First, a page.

Target Serum Sodium Levels During Intensive Care Unit Management of Aneurysmal Subarachnoid Hemorrhage

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Abstract

Introduction:

Dysnatremia commonly occur in the intensive care unit (ICU) management of patients with aneurysmal subarachnoid hemorrhage (SAH). However, detailed management strategies have not been provided even by current guidelines. The purposes of this study were to examine the association of abnormal serum sodium levels with unfavorable neurologic outcomes and to identify the target range of serum sodium in patients with SAH.

Methods:

We retrospectively reviewed all patients who were consecutively hospitalized with a confirmed diagnosis of SAH between January 2009 and December 2015. Univariate/multivariate analyses were performed to identify the independent predictors of an unfavorable neurologic outcome (modified Rankin scale of 3–6 upon hospital discharge).

Results:

There were 131 patients included in this study. Unfavorable neurologic outcomes occurred in 45% of patients. On multiple regression analysis, age, Hunt and Kosnik grade, and serum sodium levels in the ICU at the maximum [odds ratio (OR), 1.18; 95% CI, 1.05–1.35; P < 0.01] and minimum (OR, 0.88; 95% CI, 0.77–0.99; P = 0.048) values were significantly associated with unfavorable neurologic outcomes. The receiver operating characteristic curve analysis showed that the cut-off serum sodium levels were 145 mmol/L for maximum value and 132 mmol/L for minimum value. Patients with hyponatremia and hypernatremia during the first 2 weeks in the ICU accounted for 88.2% of patients with an unfavorable neurologic outcome; whereas, those with normal sodium levels accounted for only 15.6%.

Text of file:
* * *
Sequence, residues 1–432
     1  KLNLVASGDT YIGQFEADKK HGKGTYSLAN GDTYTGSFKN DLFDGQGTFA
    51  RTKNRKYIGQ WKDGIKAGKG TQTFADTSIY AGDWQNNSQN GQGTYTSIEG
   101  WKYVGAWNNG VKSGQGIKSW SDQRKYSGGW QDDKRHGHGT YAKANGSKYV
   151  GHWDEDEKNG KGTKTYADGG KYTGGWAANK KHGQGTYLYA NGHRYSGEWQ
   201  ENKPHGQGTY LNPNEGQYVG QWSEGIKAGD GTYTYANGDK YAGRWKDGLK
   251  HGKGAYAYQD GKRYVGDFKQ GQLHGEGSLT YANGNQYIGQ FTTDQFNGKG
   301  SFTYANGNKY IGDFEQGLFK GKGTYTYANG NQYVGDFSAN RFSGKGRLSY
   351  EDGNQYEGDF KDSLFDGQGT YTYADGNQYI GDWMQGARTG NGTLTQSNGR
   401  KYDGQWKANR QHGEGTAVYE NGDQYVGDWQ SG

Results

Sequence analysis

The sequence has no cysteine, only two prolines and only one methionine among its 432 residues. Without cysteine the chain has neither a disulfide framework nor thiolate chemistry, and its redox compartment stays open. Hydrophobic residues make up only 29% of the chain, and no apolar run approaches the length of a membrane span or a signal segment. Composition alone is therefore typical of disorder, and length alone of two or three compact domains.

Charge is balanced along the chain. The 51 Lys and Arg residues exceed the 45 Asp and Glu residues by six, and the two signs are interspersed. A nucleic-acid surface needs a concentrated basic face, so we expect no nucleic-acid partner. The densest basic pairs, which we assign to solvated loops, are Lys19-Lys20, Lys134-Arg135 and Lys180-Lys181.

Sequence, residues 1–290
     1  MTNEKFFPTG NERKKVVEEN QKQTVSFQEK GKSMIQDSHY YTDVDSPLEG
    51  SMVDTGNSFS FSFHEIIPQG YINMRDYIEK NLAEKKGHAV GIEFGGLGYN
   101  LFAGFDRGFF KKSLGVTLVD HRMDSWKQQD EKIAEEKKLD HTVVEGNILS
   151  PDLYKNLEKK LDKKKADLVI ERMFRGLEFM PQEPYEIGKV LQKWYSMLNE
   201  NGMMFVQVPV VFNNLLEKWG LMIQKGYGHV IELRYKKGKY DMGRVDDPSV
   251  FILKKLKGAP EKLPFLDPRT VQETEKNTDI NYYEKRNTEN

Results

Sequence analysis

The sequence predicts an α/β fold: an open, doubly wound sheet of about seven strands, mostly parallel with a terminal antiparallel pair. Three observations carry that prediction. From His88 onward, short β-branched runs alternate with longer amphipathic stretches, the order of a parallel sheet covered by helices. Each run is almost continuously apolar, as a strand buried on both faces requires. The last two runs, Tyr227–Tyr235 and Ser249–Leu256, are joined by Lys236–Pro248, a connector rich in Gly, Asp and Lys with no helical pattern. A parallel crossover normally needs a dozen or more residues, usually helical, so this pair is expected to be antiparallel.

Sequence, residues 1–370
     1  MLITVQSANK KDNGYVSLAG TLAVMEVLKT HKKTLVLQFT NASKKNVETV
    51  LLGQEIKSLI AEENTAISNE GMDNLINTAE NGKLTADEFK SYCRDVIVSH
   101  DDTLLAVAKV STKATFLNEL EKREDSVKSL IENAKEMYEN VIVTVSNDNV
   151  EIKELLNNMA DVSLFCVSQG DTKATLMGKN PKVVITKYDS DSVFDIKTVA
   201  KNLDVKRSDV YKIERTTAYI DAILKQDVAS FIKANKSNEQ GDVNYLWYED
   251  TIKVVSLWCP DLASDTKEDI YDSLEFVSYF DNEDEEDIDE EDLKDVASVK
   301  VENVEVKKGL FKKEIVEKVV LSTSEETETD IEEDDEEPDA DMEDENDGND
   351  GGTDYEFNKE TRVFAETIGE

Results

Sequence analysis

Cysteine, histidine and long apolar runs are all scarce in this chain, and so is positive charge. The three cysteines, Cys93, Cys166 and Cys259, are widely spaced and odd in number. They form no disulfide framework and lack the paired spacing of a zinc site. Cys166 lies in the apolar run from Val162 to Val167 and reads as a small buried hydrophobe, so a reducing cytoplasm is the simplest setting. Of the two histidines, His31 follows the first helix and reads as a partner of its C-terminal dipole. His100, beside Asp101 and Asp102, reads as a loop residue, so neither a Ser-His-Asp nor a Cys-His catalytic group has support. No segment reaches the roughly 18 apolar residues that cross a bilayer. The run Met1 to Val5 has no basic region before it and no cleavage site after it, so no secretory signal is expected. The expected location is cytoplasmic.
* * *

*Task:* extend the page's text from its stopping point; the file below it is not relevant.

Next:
Conclusions:

In patients with SAH, both hyponatremia and hypernatremia during ICU management were significantly associated with unfavorable neurologic outcomes.

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